However, this is not to say that grass-fed beef is a viable alternative. Livestock grazing threatens native and endangered species through habitat destruction and displacement, and causes soil erosion, which in turn can transform fertile farmland into deserts (a process known as desertification). The Food and Agriculture Organization of the United Nations reports that around 70% of the Amazon rainforest has been cut and burned to be used as grazing land for cattle. Ultimately, whether used for grazing or growing feed crops, the use of land and other natural resources for meat, dairy, and egg production is horribly inefficient. Sadly, this does not stop farmers in both developed and developing nations (many of which suffer from widespread hunger and starvation) from using their resources to satisfy the the world’s growing appetite for animal products.

In Plato’s Republic, Socrates poses the question, “If we pursue our habit of eating animals, and if our neighbor follows a similar path, will we not have need to go to war against our neighbor to secure greater pasturage, because ours will not be enough to sustain us, and our neighbor will have a similar need to wage war on us for the same reason?” It seems this question that was asked so many centuries ago is becoming more and more of a reality in the modern world, as many political and economic experts are predicting that future wars will be fought over food, water, land, and other valuable natural resources critical to human survival. Moreover, with the human population of the world at 7 billion and growing, these natural resources are destined to become only more precious. It has come time to do something to solve the global crisis that is world hunger, and the most rational solution should be extremely clear. In order to ensure that every person on the planet has enough food to eat, and ultimately protect our own survival, humans must look deep within themselves and choose the path that is the most compassionate, healthy, and sustainable. That path is veganism.

Sources:

Farm Sanctuary
Food and Agriculture Organization
Humane Society International
JohnRobbins.info
International Vegetarian Union
Jess McNally, Stanford Magazine
People for the Ethical Treatment of Animals
United Nations World Food Programme
United States Environmental Protection Agency
VegNews

Order a FREE vegan kit: http://www.peta.org/living/vegetarian-living/free-vegetarian-starter-kit.aspx

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Cat rescued from animal testing lab is given first taste of freedom

September 17, 2014
by



Source Mirror

Held in captivity his entire life, this is the moment Xander the cat is rescued from an animal testing laboratory

Imagine spending your life in the same windowless room?

That was the life of Xander the animal testing cat before he was rescued from a scientific research lab in New York six months ago.

The tear jerking video shows Xander (previously known as Jax) and a fellow former animal testing cat on the day they were first released from the windowless lab where they had been living in tiny cages.

The kitties were rescued by the Feline Freedom Project, part of charity called Beagle Freedom Project which is dedicated to legally rescuing dogs and cats from animal testing. The charity have previously posted adorable videos of rescued Beagles stepping onto grass for the first time.

According to the RSPCA, in 2010 152 cats were used in research in the UK, where as this number is closer to 20,000 in the USA.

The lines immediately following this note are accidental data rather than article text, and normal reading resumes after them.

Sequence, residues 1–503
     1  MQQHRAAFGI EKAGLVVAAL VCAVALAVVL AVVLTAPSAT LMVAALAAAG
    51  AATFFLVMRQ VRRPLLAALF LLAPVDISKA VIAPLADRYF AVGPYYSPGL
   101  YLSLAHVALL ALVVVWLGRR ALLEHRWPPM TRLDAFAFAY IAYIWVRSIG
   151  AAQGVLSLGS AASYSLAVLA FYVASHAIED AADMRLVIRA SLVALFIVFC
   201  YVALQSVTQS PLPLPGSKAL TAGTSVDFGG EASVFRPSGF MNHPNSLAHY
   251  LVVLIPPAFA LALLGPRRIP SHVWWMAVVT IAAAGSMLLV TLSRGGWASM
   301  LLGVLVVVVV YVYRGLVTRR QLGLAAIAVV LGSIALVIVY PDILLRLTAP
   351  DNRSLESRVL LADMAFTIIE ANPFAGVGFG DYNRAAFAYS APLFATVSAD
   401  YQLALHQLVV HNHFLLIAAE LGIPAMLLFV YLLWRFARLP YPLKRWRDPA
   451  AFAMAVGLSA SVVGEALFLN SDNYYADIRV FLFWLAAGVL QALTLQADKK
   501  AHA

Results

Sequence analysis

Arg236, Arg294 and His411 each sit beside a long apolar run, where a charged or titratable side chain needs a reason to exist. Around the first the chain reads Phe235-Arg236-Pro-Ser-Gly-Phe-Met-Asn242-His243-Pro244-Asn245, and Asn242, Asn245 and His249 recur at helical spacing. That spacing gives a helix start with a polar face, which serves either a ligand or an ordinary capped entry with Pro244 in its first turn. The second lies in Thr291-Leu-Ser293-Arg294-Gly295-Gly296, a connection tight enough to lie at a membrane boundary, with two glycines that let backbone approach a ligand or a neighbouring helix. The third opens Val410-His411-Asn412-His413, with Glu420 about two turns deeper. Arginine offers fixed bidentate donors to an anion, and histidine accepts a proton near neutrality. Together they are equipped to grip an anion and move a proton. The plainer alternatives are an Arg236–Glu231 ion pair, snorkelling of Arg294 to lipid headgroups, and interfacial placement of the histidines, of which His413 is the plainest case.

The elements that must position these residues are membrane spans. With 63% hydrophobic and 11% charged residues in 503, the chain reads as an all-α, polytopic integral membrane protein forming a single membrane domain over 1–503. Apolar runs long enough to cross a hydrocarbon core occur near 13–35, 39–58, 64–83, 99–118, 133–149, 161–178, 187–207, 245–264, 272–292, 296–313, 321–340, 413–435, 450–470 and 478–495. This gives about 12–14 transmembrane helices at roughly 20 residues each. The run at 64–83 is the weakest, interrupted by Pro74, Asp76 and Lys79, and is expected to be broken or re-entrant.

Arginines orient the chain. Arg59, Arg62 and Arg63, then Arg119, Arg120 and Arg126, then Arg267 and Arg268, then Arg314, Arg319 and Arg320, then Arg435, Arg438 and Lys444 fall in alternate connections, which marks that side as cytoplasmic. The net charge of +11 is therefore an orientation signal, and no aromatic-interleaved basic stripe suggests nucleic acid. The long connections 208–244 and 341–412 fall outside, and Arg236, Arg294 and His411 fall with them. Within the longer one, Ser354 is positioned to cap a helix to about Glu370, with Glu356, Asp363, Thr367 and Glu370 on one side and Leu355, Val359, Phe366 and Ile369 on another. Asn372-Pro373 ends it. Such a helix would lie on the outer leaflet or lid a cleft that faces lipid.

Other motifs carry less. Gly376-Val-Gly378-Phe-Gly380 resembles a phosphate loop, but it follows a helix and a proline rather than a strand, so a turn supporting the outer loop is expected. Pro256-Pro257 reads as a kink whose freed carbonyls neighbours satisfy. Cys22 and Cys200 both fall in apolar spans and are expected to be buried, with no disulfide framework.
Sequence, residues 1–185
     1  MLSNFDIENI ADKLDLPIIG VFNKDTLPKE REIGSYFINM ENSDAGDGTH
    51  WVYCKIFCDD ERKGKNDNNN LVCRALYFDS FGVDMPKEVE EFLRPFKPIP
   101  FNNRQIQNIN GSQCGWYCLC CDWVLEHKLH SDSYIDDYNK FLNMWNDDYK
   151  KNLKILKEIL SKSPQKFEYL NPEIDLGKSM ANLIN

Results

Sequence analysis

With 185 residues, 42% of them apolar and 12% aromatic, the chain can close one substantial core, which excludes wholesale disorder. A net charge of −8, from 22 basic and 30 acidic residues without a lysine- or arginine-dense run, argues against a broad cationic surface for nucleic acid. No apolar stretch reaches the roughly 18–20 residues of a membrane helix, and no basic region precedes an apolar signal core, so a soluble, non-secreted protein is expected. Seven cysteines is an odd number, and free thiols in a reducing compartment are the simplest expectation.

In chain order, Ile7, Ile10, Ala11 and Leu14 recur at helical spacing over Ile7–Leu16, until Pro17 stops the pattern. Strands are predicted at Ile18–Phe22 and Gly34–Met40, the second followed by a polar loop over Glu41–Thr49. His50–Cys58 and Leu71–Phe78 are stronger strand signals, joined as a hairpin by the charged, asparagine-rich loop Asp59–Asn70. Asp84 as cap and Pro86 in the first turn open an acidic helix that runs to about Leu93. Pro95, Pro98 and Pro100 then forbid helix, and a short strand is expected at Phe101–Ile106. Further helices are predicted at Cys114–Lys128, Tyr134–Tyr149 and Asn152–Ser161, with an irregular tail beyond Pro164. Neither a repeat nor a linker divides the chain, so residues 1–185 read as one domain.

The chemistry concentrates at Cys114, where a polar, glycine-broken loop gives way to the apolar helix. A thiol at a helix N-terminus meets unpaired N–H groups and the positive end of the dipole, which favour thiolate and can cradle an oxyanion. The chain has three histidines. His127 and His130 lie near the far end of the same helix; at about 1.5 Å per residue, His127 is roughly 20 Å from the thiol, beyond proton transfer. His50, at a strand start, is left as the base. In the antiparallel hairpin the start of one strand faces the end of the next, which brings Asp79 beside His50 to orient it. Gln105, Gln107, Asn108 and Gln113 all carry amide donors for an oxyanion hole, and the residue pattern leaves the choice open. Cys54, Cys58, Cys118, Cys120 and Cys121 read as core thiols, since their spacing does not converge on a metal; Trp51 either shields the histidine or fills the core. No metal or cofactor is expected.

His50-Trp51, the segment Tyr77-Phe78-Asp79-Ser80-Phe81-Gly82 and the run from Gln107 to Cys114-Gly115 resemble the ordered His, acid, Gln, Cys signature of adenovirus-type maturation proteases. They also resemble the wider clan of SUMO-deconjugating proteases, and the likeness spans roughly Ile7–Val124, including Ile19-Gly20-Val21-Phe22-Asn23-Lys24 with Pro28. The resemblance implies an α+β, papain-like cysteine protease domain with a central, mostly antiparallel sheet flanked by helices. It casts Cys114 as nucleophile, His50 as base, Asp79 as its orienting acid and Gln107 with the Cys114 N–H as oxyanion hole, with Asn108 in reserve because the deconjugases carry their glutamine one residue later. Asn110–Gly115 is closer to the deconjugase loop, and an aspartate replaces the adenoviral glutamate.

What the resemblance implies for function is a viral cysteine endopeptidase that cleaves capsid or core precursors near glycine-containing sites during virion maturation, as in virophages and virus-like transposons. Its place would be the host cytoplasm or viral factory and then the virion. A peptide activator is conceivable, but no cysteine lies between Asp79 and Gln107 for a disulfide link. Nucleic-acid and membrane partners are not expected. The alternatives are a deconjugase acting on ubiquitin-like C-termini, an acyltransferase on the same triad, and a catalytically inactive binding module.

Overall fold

Xander has gained quite a following and has over 3000 fans on his Facebook page ‘Xander the rescued lab cat’ where his owner posts regular pictures and updates about him.

His new (guardian) Rachel Gruen recently said on his Facebook fan page, “we are so very grateful for the opportunity to be a voice for the hundreds of thousands of laboratory animals around the world”.

 

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Missed this year, but please read for the next …

September 15, 2014
by
Karen Lyons Kalmenson

Karen Lyons Kalmenson

Source International Vulture Awareness Day

Vultures are an ecologically vital group of birds that face a range of threats in many areas that they occur. Populations of many species are under pressure and some species are facing extinction.

The International Vulture Awareness Day has grown from Vulture Awareness Days run by the Birds of Prey Programme in South Africa and the Hawk Conservancy Trust in England, who decided to work together and expand the initiative into an international event.

It is now recognised that a co-ordinated international day will publicise the conservation of vultures to a wider audience and highlight the important work being carried out by the world’s vulture conservationists.

On the first Saturday in September, the aim is for each participating organisation to carry out their own activities that highlight vulture conservation and awareness. This website, established in July 2009, provides a central place for all participants to outline these activities and see the extent of vulture conservation across the world

Additionally this webpage is a valuable resource for vulture workers to learn about the activities of their colleagues and to perhaps develop new collaborations or exchange information.

But you don’t have to be a zoo, bird park or conservation organisation to become involved. Our Awareness Day WikiSpace, with space for participation as well as important resources is open to everyone. Take a look at how you can become involved.

Organisations participating in 2014

Biodiversity and Wildlife Conservation Lab,Lucknow, India
(AWARE) Association for Water, Applied Education & Renewable Energy, Pakistan
Accipiter Enterprises, Educational Birds of Prey, United States
African Bird of Prey Sanctuary, South Africa
Albuquerque BioPark, United States
Alula Falconry, United Kingdom
Angkor Centre for Conservation of Biodiversity, United Kingdom
Animal Rescue Org, India